Oil prices could also find some direction from Thursday's meeting of oil ministers of the Organization of Petroleum Exporting Countries.
The latest reading on American gross domestic product comes out Tuesday. It is the second revision to third-quarter GDP and it's generally expected that it will show growth softened a bit from a 3.5 per cent annualized rate to 3.3 per cent.
"Not a big revision," said Andrew Pyle, senior wealth adviser, portfolio manager at ScotiaMcLeod in Peterborough, Ont., adding the important thing is that growth stays in the 3.5 per cent range.
Other recent GDP revisions have been to the upside but this time the deteriorating European economy, which is teetering on the edge of recession, helped drag down the U.S. economy.
There have also been concerns about slowing Chinese growth.
But optimism about both regions rose at the end of last week as the Peoples Bank of China, the country's central bank, cut its interest rates and promised to inject extra credit into the financial system if needed. And the head of the European Central Bank said the ECB is willing to "step up the pressure" and broaden its efforts to stimulate the struggling eurozone economy.
"We actually see the move by the PBOC as a fairly major shift in strategy," said Jean-Francois Dion, portfolio adviser, wealth management, RBC Dominion Securities.
"This is the first interest rate cut in over two years and the consensus . . . (until now) was that this was very unlikely to happen for an extended period of time."
Statistics Canada releases its reading on September GDP and the third quarter on Friday. Economists expect that the agency will report that GDP rose by 0.4 per cent in the month after dipping 0.1 per cent in August, adding up to an annualized pace of 2.1 per cent.
The other major item for traders this week is the OPEC meeting. It comes at a time when oil prices have tumbled almost 30 per cent from mid-summer, when geopolitical concerns centred on the Mideast pushed the price of benchmark West Texas Intermediate crude to around US$105 a barrel.
Prices have since retreated amid a triple whammy of increased supply, lower demand and a rising U.S. dollar that has put pressure on all commodities priced in the American currency.
Traders will now wait to see if OPEC ministers try to support higher prices by cutting production.
"There’s a chance they will," said Pyle. "There’s been no leakage from OPEC leading up to this meeting; (it's) almost as if they want to make us wait right up until the day, then come out with something."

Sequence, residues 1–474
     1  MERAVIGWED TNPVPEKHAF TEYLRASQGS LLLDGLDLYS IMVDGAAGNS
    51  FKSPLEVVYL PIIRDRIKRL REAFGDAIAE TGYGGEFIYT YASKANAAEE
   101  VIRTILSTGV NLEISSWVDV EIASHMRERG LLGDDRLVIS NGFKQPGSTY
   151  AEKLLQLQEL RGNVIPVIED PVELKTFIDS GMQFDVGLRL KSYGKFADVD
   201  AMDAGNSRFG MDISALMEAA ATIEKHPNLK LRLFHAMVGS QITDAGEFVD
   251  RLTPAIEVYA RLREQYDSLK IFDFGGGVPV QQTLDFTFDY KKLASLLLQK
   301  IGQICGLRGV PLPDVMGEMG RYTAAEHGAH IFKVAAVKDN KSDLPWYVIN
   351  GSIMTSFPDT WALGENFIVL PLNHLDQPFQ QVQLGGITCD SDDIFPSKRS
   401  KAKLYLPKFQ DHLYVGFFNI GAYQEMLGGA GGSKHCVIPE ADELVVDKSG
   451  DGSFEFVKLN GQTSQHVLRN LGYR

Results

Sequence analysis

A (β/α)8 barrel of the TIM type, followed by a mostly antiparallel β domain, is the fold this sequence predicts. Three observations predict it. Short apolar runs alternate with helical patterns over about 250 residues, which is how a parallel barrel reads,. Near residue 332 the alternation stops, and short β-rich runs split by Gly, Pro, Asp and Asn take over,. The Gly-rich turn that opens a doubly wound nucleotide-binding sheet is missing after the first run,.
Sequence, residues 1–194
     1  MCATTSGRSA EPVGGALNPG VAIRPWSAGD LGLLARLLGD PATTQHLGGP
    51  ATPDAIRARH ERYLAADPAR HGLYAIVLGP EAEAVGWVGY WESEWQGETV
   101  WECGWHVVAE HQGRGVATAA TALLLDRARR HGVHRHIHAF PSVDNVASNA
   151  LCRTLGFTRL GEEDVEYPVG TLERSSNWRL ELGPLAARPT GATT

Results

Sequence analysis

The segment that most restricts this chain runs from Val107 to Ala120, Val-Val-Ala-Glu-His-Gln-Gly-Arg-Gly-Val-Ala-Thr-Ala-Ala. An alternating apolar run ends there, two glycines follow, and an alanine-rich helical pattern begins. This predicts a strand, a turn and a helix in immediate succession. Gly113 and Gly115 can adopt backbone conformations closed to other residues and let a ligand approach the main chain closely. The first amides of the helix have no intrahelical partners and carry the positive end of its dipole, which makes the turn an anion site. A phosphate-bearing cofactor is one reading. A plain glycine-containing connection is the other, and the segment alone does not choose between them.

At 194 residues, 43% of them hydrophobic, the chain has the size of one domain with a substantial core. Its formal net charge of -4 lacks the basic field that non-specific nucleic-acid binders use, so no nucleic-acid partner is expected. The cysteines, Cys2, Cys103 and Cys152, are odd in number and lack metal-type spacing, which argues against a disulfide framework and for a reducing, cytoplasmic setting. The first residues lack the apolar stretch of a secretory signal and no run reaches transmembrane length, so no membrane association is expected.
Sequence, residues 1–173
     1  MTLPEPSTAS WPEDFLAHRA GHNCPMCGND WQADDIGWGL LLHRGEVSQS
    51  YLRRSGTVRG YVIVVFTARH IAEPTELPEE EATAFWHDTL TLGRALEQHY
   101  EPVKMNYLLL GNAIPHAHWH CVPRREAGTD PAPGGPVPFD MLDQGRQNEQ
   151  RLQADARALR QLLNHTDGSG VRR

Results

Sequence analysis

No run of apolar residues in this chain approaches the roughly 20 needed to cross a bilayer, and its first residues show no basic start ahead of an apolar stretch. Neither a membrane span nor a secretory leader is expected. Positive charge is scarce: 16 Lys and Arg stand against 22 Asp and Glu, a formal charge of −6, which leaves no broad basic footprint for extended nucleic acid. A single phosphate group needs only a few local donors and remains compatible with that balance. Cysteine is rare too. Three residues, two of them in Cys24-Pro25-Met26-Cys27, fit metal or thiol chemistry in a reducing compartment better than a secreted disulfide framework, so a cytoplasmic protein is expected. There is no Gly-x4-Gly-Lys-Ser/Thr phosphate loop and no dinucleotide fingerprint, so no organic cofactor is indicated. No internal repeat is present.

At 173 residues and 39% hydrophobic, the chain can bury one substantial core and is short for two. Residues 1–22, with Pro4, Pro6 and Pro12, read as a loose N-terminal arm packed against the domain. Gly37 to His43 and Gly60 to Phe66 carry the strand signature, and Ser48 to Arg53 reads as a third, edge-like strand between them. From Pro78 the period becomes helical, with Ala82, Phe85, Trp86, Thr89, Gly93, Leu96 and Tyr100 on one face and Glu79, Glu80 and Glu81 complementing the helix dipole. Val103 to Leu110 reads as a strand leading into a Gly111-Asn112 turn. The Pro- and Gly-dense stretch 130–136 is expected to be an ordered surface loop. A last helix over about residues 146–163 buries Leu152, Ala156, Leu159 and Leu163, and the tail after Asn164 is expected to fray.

"But rather than leak it now and spoil the fun, I think we’re going to see OPEC wait . . . and if we’re still trading below US$75 a barrel, I think there’s a good chance we’ll see some type of cut announced by OPEC. It doesn’t mean it will be massive, but I think we could see some trimming of OPEC output."
Crude in New York ended last week at US$76.51 a barrel.
The Toronto market ended last week with a solid advance of 268 points or 1.8 per cent to end the week above the 15,000-mark for the first time since late September. The TSX continued to claw back the losses from the October sell-off and now is up 11 per cent year to date.
The TSX is still about 500 points or 3.5 per cent away from its 2014 highs of early September but analysts agree the comeback has been impressive and points to a successful corporate earnings season.
They also point to the effect of lower oil prices this fall since the biggest advancers this fall have been outside the resource sectors, instead favouring other sectors including the consumer staples group, which has rocketed almost 35 per cent year to date.
"And I’m wondering, given the gains we have built up in that sector, how much more we can expect if the general market actually turned down," Pyle said. "Because that is a huge gain in a sector we don’t usually expect huge gains from."
"I think consumer stocks are probably poised for some type of disappointment. You can’t maintain this type of outperformance relative to the index — we’re talking about a sector that is three times the growth of the TSX this year."
The energy sector is showing some strength — it was up two per cent last week, thanks in part to natural gas prices which have moved higher as many parts of North America endure an early, freezing start to the winter season.
The last half of the trading week will be light. American markets are closed Thursday for U.S. Thanksgiving and reopen for a shortened session on Friday.